Why is my baby not growing?



About 10% of pregnant women hear the chilling news that their child is not thriving well in the womb. From then on it’s a race for survival. However, for all but a small percentage of these women the prognosis is good as long as you’re under the care of an LMC, who will most likely send you on for multiple scans to check how baby’s doing. You may need to have a Caesarean section or will have an induction to get baby out.

This is what happened to Laura Fogg (pictured above left) who was told at 38 weeks that her unborn baby was too small. “The real risk here is that your baby could die,” the obstetrician informed her.

“It turned out that [Laura’s baby] Eva was in the lowest 10% of all babies, which put her in the category of ‘Inter-Uterine Growth Restriction’ (IUGR). For unknown reasons my placenta wasn’t working as well as it should, and Eva wasn’t getting the nutrients she needed,” says Laura.

Feeling guilty

Like many mothers in her position Laura felt guilty for failing to supply enough nutrients for her baby. But no amount of healthy eating and nutritional supplements would have made any difference.

“I couldn’t understand why my womb wasn’t sustaining my baby, why she couldn’t get enough nutrition from me when that was my main job as a mother,” says Laura.

She had an induction three days before her due date and Eva arrived safely in May, 2012.

Doctors don’t know what causes the condition IUGR but they strongly suspect it’s related to cardiovascular or blood flow issues which, for many women, link back to a hereditary issue.

Pre-eclampsia is strongly linked to growth restriction and acts as a warning bell for baby’s growth in the womb.

But while it’s a worrying time for anyone facing this problem for about one in every 2000 pregnant women it’s literally a matter of life or death. When babies’ growth problems are picked up early – when under 28 weeks gestation – the matter becomes much more serious. If these severe cases need to be delivered before 28 weeks the risk of death or a longterm handicap is close to 70%.

Working on a cure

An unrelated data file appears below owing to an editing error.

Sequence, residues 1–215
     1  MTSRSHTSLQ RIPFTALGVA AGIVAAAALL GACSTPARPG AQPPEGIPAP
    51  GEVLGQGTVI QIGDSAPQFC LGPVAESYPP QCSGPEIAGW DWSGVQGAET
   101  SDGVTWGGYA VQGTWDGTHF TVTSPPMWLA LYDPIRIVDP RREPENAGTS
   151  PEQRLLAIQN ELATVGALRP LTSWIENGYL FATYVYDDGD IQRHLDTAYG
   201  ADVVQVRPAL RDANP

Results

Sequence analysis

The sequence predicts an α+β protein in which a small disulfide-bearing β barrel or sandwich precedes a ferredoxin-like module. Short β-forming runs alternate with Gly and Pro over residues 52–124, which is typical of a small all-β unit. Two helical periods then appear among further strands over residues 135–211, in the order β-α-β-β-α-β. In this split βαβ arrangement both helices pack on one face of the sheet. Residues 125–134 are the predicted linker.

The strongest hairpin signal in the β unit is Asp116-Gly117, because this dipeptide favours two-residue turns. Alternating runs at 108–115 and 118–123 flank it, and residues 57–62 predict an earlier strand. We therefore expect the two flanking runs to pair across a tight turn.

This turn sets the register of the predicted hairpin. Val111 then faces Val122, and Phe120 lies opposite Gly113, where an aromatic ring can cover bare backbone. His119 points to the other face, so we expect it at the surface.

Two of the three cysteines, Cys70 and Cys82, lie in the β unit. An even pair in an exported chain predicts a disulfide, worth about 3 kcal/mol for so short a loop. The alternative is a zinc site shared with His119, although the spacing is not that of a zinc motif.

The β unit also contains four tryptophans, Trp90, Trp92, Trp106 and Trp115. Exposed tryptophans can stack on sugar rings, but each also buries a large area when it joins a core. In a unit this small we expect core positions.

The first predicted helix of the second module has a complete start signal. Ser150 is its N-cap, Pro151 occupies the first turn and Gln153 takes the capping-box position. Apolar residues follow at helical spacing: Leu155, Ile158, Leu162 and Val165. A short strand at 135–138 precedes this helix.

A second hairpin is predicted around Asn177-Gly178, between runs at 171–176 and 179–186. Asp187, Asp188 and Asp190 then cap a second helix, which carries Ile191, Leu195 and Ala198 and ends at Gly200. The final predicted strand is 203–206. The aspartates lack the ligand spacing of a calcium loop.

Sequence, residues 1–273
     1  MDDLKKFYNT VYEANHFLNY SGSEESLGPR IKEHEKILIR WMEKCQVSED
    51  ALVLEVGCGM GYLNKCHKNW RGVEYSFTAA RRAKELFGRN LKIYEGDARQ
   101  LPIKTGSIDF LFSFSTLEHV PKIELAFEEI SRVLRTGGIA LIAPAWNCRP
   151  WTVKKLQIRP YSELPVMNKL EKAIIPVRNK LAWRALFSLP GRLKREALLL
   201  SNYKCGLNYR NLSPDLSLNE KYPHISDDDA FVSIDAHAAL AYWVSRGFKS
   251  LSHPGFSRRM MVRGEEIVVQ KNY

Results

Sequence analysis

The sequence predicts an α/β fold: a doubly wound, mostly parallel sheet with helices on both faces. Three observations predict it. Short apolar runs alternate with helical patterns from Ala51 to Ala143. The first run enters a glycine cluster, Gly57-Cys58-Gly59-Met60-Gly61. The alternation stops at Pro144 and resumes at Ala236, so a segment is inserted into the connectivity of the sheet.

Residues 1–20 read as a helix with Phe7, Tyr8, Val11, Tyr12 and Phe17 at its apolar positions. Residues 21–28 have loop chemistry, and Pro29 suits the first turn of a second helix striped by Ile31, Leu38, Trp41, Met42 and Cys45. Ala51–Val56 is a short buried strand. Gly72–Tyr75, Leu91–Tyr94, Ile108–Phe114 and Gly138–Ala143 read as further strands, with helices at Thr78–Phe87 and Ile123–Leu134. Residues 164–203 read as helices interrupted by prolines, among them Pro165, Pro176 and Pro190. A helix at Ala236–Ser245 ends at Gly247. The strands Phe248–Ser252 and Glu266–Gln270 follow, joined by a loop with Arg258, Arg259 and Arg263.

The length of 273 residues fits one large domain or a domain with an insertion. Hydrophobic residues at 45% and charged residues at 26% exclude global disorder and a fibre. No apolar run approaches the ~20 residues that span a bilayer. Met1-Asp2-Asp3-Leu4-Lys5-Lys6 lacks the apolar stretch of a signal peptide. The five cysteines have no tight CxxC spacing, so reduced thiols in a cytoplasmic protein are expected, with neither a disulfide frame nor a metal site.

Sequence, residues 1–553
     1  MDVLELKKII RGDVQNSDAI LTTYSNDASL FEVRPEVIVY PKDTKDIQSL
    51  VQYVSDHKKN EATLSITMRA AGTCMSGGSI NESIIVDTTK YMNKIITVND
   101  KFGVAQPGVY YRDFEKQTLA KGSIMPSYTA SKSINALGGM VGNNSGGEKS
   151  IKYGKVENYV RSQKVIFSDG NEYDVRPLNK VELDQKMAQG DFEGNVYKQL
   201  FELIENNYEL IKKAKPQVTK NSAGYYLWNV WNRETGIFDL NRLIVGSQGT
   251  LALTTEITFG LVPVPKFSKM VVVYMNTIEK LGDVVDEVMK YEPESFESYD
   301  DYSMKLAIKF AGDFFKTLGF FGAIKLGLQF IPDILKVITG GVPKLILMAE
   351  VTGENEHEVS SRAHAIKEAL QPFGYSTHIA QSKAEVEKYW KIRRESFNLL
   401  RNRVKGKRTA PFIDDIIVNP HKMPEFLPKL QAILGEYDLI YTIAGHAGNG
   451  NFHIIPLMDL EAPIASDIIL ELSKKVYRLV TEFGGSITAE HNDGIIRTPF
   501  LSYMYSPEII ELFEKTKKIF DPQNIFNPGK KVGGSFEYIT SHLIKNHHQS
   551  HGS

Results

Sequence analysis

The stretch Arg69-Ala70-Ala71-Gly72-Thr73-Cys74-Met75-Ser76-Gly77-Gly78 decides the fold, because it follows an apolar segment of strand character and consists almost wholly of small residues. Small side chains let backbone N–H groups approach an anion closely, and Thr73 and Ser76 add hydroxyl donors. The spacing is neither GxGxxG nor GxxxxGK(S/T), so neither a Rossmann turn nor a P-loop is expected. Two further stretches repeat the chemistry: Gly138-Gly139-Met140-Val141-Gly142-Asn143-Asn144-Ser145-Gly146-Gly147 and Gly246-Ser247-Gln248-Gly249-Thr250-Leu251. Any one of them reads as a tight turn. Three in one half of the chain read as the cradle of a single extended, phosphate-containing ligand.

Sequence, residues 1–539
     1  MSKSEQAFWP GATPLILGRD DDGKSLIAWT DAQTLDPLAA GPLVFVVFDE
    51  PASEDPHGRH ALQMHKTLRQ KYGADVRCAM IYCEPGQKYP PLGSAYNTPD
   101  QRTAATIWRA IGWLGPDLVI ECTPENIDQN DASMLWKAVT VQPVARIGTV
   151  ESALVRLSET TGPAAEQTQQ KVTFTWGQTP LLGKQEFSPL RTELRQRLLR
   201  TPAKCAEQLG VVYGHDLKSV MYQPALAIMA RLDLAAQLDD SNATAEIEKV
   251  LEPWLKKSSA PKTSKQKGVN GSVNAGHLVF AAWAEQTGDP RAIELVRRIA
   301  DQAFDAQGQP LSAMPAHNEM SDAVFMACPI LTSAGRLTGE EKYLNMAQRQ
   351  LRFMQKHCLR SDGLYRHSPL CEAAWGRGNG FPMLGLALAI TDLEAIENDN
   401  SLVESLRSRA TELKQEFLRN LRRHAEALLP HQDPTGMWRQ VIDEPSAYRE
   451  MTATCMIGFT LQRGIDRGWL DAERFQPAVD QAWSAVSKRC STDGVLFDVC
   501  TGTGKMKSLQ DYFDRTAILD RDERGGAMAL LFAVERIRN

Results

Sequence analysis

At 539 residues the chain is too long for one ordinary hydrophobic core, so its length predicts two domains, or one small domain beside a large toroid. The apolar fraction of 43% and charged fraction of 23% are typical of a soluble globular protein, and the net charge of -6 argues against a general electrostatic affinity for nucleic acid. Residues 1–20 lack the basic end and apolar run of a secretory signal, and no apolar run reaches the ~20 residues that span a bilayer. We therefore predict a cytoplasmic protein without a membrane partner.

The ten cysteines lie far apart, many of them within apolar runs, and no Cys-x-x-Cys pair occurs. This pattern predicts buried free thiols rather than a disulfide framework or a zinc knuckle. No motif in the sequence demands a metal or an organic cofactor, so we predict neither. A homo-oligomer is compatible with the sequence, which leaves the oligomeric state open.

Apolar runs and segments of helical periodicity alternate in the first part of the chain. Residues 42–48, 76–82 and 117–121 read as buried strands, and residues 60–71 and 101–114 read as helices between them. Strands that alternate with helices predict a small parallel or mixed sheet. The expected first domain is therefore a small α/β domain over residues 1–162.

Several studies are getting under way to help these most extreme cases. In New Zealand a trial involving Viagra – which was already being used in some cases for pre-eclampsia – will start towards the end of the year. This will look at using Viagra to relax blood vessels and allow nutrition to flow to baby.

Around the world, research into the problem is gathering momentum, with melatonin and iron supplements also on trial.

For the lucky majority, like Laura, the outcome is the safe delivery of a longed-for child, even if it’s not the best start in life.

“Eva was born at 2.7kg, and had all the signs of IUGR. Her head was a normal size, as babies first preserve nutrition for their growing brains. However her little body, arms and legs were so skinny, with the skin all dry and wrinkly.

“She also struggled to latch on as she was so tired and sleepy, but after five weeks of expert help we eventually got fully breastfeeding,” says Laura.

“In the early weeks Eva cried for hours on end, experiencing colic and reflux, which was very hard to cope with. It’s apparently a sign of having being stressed in the womb, as babies then find the outside world quite scary to deal with.

“But one year on, and Eva is doing really well. She is now toddling about, starting to talk and loving discovering the world.”

For more information on IUGR go to gravida.org.nz.




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